Go on any social platform these days — and I know social platforms, even the beloved IG, are generally divisive in many respects — and you’ve got a mix of stuff like:
- Hot takes on Trump
- Hot takes on other leaders
- “This is no worse than the flu”
- “The numbers don’t add up”
- “This is China’s fault”
- “Trump made a guy drink fish pond chemicals”
- “We need Sanders”
- “If you get laid off, pull yourself up by the bootstraps and hustle”
- “We cannot die for Wall Street!”
- Etc, etc.
For each of these above takes, there is a corresponding extreme opposite take, such as “Trump is sent by God!” and/or “How could you be so dumb as to believe FOX News?” (Those examples are predominantly American.)
So you see all these people get in digital arguments and talk past each other for a thread, most of it ultimately signifying nothing … and we know from experience that a lot of people flex one way on social media / mobile platforms, then behave an entirely different way with their families and their bank accounts. (This explains some of the “closeted Trump voter” stuff from 2016, too. Guys telling their wives, “I’d never vote for that pig,” and then doing it anyway, because they liked that his name was on buildings and assumed their 401K would get better.)
So, broadly in a time where we need unity, reassurance, and proper information … we sparingly have any of the three, and mostly have increased divisiveness and digital hooting and hollering.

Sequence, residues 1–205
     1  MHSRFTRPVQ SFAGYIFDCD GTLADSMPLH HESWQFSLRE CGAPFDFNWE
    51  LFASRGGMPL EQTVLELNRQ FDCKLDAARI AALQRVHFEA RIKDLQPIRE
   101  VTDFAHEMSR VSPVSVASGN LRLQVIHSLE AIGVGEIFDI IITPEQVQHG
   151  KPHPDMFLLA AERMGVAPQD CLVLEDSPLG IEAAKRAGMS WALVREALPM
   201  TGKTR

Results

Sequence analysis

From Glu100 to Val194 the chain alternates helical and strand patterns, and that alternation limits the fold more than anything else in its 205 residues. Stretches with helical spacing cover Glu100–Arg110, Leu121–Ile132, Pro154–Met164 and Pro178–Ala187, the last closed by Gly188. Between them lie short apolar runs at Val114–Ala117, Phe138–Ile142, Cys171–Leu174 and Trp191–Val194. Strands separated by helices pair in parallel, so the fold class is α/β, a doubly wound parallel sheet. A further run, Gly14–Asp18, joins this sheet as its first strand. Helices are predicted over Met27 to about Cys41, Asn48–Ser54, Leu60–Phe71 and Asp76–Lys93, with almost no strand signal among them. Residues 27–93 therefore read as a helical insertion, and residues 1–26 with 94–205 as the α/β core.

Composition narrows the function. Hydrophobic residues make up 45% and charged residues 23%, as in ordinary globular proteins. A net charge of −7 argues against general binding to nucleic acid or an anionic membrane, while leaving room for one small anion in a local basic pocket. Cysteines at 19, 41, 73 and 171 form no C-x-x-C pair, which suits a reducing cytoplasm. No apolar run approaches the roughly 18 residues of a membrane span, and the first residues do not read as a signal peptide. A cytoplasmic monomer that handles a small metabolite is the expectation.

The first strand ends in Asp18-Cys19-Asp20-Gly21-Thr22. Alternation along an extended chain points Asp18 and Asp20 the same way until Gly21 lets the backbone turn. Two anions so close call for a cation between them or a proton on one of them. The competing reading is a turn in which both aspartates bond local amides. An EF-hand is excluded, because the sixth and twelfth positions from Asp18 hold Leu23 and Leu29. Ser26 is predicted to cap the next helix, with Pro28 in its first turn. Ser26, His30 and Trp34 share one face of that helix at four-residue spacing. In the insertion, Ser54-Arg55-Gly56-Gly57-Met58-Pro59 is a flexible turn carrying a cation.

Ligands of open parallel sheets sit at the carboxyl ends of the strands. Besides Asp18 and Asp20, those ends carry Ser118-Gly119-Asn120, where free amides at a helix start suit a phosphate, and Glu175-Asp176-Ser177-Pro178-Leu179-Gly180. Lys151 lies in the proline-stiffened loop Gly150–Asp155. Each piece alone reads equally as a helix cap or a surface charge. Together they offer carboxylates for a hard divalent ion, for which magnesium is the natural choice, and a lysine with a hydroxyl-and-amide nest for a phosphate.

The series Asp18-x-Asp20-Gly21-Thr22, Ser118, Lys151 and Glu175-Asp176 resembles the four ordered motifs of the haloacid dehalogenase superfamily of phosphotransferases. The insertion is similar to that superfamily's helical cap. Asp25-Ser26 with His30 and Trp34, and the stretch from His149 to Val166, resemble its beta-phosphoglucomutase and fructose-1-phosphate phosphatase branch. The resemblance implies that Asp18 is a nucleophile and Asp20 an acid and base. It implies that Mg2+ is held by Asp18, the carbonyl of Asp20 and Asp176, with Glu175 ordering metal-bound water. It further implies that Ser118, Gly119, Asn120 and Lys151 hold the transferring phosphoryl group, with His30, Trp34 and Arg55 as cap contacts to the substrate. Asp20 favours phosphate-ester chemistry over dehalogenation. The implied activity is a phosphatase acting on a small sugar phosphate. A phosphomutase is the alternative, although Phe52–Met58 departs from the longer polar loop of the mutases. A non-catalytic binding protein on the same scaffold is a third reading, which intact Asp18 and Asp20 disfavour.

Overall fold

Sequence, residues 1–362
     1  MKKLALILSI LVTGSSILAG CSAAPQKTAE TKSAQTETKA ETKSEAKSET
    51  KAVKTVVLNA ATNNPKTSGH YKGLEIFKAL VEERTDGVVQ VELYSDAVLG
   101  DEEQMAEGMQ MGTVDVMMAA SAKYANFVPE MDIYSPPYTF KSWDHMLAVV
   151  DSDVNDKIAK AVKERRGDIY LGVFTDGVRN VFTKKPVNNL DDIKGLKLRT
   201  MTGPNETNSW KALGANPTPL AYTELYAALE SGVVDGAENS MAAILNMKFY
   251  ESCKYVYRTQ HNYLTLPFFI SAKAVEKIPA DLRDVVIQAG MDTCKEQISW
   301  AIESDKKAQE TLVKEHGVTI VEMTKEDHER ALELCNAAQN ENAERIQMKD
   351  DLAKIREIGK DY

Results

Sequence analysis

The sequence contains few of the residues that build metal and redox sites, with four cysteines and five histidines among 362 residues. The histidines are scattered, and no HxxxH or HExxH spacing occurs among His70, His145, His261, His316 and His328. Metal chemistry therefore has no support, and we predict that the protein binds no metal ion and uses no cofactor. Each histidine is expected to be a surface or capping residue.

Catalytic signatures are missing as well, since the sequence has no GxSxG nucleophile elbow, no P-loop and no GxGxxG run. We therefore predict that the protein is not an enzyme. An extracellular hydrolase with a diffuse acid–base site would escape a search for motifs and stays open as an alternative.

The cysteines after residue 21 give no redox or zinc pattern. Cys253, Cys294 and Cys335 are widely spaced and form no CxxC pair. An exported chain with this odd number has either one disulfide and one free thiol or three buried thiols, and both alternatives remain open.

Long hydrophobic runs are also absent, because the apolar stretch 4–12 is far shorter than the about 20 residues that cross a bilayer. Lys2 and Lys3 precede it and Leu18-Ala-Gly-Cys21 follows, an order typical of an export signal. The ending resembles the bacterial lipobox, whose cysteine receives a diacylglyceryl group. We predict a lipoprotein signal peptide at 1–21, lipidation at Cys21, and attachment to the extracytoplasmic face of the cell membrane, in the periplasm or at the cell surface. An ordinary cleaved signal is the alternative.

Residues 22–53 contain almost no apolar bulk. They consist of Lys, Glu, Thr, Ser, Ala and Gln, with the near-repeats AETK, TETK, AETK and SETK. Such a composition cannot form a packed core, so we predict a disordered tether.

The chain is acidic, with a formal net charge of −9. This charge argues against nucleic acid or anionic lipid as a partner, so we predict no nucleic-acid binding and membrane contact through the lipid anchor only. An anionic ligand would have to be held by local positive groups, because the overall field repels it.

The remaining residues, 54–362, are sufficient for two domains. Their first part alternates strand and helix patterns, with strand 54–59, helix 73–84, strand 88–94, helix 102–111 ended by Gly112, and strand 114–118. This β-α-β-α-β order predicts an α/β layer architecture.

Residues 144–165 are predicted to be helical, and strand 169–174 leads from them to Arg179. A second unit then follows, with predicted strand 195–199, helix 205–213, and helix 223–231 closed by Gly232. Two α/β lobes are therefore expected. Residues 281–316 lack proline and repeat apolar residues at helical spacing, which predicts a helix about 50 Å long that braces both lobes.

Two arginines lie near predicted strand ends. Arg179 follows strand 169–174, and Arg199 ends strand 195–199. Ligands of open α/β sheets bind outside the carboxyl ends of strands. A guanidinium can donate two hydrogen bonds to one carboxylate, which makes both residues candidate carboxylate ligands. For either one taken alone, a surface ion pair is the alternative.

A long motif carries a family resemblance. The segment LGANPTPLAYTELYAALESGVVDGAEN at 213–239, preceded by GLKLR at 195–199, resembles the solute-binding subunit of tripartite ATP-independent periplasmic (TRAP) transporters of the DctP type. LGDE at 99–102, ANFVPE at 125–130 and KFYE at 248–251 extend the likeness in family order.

Now, thankfully there are some positive moments within all this around people singing from balconies, stories of strangers on the street, stories of “the helpers,” etc. Humanity is not a wasteland and not all is lost. Not at all.
But at a time where you figured we’d kind of band together and try to get through it, most of what I see as I scroll around on my computer from my couch is predominantly negative. Everyone has “a take” and “a platform.”
Two quick hits from Twitter on all this →
- My friend Scott rightfully noted that “life happens in the gray between two extremes.” In these moments, try to remember that. The extremes get the most attention but it’s not often the reality of life.
- My other friend sent me this thing about how fear, anger, and negative emotions reduce human agency, which is logical. Couple of things on this topic: my former brother-in-law, who at one point was among my best friends and now will not answer a simple text of mine about how his child is doing, used to always refer to people’s “agency,” so now I have a negative association with the word. Oops. Also, I’m currently on Day 27/28 of not drinking, right? In the process, I read a lot about addiction and brain pathways. People are legitimately addicted to Trump and ranting about Trump. Their anger and fear about him has rewired their brain structure. That’s terrifying, but it’s happening — and I think that informs a lot of the discourse around this moment.
Is this a broader argument for “getting woke?” Sure. At a simpler level, maybe just try to avoid rushing to snap judgement and attacking the hot takes of others. See people where they’re at. Even if they sound legitimately f’n crazy to you, try to understand why and where they got those takes from. It might help you understand yourself better, honestly.
Let’s try better! (Myself included.)